Artemis’ name means “uninjured” o “healthy,” and since she is one of the oldest known and most widely worshipped of the Greek Goddesses, she had many epithets associated with her. Some were commonly used; others were used only in particular areas. In general, the epithets refer to her rule over animales o childbirth: Artemis Admetus (untamed) Artemis Aegenetes (immortal) Artemis Aegina (wielder of the javelin) Artemis Aetole (the stormy one) Artemis Aglauros (from the heroine Aglauros) Artemis Agoraea (of the market place) Artemis Agraea (of uncultivated land) Artemis Agroletera...
Taken from A Pride of Princesses, por Shirley Climo.
Once upon a time, so the mythmakers said, there lived a Greek king who had three daughters. The oldest princess was very pretty. The segundo princess was quite charming. The youngest princess, whose name was Psyche, was so lovely that even the flores turned their heads to look at her.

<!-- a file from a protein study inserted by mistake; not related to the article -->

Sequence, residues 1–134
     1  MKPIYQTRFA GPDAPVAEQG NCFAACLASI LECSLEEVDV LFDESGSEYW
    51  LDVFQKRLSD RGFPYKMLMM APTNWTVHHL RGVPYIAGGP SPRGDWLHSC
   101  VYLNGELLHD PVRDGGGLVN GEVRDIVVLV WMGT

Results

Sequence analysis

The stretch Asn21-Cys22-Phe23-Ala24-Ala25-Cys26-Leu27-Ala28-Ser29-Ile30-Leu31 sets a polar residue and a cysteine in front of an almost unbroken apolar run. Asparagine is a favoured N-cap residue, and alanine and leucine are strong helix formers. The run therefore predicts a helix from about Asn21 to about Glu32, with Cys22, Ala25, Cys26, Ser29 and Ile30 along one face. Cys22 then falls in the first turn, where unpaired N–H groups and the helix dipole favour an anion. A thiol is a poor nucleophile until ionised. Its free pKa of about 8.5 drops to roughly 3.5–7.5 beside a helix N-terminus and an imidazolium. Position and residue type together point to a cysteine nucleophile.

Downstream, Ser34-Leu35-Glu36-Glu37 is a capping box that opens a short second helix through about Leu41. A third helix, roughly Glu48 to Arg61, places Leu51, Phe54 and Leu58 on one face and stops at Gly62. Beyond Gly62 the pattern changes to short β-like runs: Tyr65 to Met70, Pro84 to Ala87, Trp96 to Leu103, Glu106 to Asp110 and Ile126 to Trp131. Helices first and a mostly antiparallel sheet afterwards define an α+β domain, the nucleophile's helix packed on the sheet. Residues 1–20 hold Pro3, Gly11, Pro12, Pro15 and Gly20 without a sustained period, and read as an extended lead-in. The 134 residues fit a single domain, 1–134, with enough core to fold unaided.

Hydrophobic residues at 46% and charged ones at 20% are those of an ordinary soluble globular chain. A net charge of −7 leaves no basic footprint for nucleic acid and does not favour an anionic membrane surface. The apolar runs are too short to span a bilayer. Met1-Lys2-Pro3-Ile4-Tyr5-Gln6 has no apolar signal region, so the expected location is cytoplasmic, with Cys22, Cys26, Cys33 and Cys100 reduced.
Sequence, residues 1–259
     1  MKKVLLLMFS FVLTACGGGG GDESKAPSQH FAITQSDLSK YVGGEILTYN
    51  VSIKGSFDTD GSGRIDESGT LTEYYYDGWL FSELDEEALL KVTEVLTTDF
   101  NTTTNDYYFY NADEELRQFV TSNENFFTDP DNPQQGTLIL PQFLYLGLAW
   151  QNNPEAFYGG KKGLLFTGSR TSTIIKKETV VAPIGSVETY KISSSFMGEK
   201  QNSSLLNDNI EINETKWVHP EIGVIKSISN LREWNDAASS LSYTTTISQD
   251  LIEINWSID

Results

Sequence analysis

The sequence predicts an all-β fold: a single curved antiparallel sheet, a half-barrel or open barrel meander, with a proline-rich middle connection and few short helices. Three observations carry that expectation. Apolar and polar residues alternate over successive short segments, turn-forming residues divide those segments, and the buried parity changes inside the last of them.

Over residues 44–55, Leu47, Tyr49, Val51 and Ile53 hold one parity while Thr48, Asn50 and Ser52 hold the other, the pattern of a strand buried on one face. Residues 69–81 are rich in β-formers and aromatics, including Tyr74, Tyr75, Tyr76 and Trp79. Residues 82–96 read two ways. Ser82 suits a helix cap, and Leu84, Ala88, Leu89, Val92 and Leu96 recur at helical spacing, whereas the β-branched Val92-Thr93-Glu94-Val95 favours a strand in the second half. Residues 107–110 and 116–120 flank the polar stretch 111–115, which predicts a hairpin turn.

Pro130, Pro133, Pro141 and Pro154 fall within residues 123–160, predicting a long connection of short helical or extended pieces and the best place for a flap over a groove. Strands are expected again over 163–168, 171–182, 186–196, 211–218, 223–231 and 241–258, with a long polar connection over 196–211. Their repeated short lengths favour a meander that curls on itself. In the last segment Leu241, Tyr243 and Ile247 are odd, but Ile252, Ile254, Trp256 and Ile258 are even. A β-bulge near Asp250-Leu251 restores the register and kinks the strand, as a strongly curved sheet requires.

Praise for Psyche's beauty spread throughout Greece and soon reached the ears of the gods and goddesses who dwelled high on Mount Olympus. "Ridiculous!" scoffed the goddess Aphrodite. "This princess is only a girl. I am the Goddess of Beauty."
What if there was a goddess that no one knew about? What if she was más powerfull than Zeus but más humble than Heistia? What if she was the human spirit of the sun, goddess of impulsivness, of energy, of decisions, of motivation?
Why are there all these what if's?
The goddess in question, called Anthoria, was the oldest child of Cronus and Rhea. She is dicho to be born from not her mothers womb, but from golden sunlight that fell on her mother in labor. She gave the gods the drive and fuel to keep fighting when they needed it, and took it away from her father when he had to much. She kept...